In elementary school, I had three favorite series of books: Harry Potter, of course, which my mom starting reading out loud to us kids when I was six; The Lord of the Rings, which my sister and I read together when I was in fourth grade; and The Series of Unfortunate Events.
Okay, I know that Lemony Snicket’s Unfortunate Events is supposed to be a children’s series. And it is. It has a great habit of defining words in interesting ways, like “Smirked, a word which here means ‘smiled in an unfriendly, phony way'” which makes it extremely readable for younger kids. But I also read through the series my Senior year of high school, and they were still incredibly interesting. That time, I found myself laughing at the many allusions made throughout the series, not the least of which is the fact that every book is dedicated to a woman named Beatrice (like Dante’s Beatrice) in ways like “To Beatrice: We are like two ships passing in the night. Particularly you.”
There’s a man called Ishmael who has feet encased in clay. There’s a Nevermore tree surrounded by ravens. There’s a poem from Alice in Wonderland as one of the clues. The point is, even if you’re an older reader there’s no reason for you to dismiss this work of children’s literature.
And, if you remember liking these books, you probably remember the interesting narration. The author himself, Lemony Snicket, was a character in the series, and there were frequent passages which referred to the author’s many troubles in his own life. In my opinion, Unfortunate Events has one of the best, most unique narrative voices in literature.
The next most unique belongs to the little-known Bartimaeus Sequence by Jonathan Stroud which is narrated in part by a demon called Bartimaeus.
Bartimaeus’s Bad Beginning
The first (and best) book of the trilogy is The Amulet of Samarkand, and set up the scene: a slightly different London, where Magicians run the show. Nathaniel, our child protagonist, is an apprentice to a cruel Magician and decides to seek revenge on him by summoning Bartimaeus, a 5,000 djinni. This is a world where Magicians are part talent but mostly skill and schoolwork, and Nathaniel believes himself to be the brightest of his age.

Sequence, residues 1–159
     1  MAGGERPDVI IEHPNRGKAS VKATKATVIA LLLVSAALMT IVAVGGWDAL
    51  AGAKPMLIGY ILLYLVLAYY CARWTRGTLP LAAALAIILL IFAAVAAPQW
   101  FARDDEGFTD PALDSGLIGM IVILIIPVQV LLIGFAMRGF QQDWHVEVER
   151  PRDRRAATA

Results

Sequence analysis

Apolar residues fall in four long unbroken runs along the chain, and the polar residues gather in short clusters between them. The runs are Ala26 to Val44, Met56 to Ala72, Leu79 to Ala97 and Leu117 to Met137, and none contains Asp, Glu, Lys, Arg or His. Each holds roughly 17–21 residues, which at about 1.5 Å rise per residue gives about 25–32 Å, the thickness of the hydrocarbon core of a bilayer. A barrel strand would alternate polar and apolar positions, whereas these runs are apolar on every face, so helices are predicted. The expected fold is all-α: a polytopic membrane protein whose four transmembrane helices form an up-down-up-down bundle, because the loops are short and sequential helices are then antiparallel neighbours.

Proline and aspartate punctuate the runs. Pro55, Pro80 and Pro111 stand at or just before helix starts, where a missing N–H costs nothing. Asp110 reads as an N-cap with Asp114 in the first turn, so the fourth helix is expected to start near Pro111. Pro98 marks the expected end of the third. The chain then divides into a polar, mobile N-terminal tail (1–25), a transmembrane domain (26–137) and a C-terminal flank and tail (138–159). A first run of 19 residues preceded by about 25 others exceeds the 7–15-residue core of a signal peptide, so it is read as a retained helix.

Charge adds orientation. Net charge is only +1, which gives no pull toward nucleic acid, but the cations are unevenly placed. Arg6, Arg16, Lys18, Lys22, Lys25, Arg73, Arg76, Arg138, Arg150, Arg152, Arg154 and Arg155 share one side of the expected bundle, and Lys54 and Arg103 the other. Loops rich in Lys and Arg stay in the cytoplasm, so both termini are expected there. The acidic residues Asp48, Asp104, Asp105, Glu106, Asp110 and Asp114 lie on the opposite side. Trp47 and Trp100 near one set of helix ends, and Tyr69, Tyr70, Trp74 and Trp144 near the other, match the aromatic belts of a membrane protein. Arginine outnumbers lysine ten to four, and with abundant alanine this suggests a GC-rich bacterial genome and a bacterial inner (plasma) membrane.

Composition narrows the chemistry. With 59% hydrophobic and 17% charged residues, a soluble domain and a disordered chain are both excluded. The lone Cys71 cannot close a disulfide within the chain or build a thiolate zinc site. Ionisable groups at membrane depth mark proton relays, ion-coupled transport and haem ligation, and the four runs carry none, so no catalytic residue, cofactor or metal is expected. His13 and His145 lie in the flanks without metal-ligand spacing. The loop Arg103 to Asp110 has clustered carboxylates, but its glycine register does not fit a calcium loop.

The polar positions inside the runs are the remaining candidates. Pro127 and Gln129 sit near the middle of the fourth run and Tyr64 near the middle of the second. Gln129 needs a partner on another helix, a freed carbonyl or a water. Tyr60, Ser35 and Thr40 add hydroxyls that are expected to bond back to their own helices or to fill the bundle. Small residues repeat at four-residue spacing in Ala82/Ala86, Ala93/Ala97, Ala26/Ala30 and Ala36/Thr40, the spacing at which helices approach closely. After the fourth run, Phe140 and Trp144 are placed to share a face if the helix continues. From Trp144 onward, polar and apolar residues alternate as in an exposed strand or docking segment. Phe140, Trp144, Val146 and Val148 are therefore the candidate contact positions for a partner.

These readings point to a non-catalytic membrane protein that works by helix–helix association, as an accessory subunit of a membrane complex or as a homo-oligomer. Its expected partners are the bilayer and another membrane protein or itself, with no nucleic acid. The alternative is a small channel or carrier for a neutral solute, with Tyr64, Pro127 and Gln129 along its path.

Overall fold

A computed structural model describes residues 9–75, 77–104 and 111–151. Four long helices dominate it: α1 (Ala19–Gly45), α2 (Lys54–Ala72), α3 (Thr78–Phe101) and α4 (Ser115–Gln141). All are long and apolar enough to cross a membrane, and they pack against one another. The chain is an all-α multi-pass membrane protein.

This is a book for middle-aged readers–fifth, sixth, seventh grades–but there’s so much packed in that it’s an enjoyable fantasy even if you’re older. It creates an interesting, believable world and then put in secrets and rebellion and murder. But the whole book is grounded by the old, sarcastic Bartimaeus, who narrates half the book, and Nathanial, who does the other half.
The best part of this book–this series, if you want to read more about the world–is how the relationship between master and djinni changes. Bartimaeus is no Genie summoned by Aladdin, laughing and happy. In his long lifetime, he had one good master, the Egyptian mathematician and scientist Ptolemy. Since that post, he’s vowed never to get close to any of his masters again.
It’s a coming-of-age story. It’s a David-versus-Goliath impossible scenario where you can’t help but room for the underdogs. There’s magic and demons and different planes of existence. It’s a foray into high fantasy for young readers.
Tying It All Together
What can fantasy have to do with Unfortunate Events, which defies genre? It all goes back to the narrative style of the book. Lemony Snicket, and the other Snicket siblings, pop up throughout the Events series, and the sarcasm and wit lent to both narration and dialogue makes all the books accessible to old and young readers alike.
What Bartimaeus offers is that little narrative gimick of the footnote, used so effectively here, mostly for humor, that you’ll find yourself reading it again and again, laughing out loud every time. The story itself has a dark mystery at the center, but the character of Bartimaeus is snarky and irreverent, defying all the rules of his species. One of the footnotes early on is: ” 3 One magician demanded I show him an image of the love of his life. I rustled up a mirror.” He refuses to play nice or even fair, but the 5,000 year old creature grows just as much as teenager Nathaniel by the end of the book.
The best part about both of these series is that they are series, and if you find yourself enjoying one you will enjoy the rest. Both are an acquired taste, with much tongue-in-cheek humor, but if you find yourself liking them you will have a set of books you will be re-reading for the rest for your life.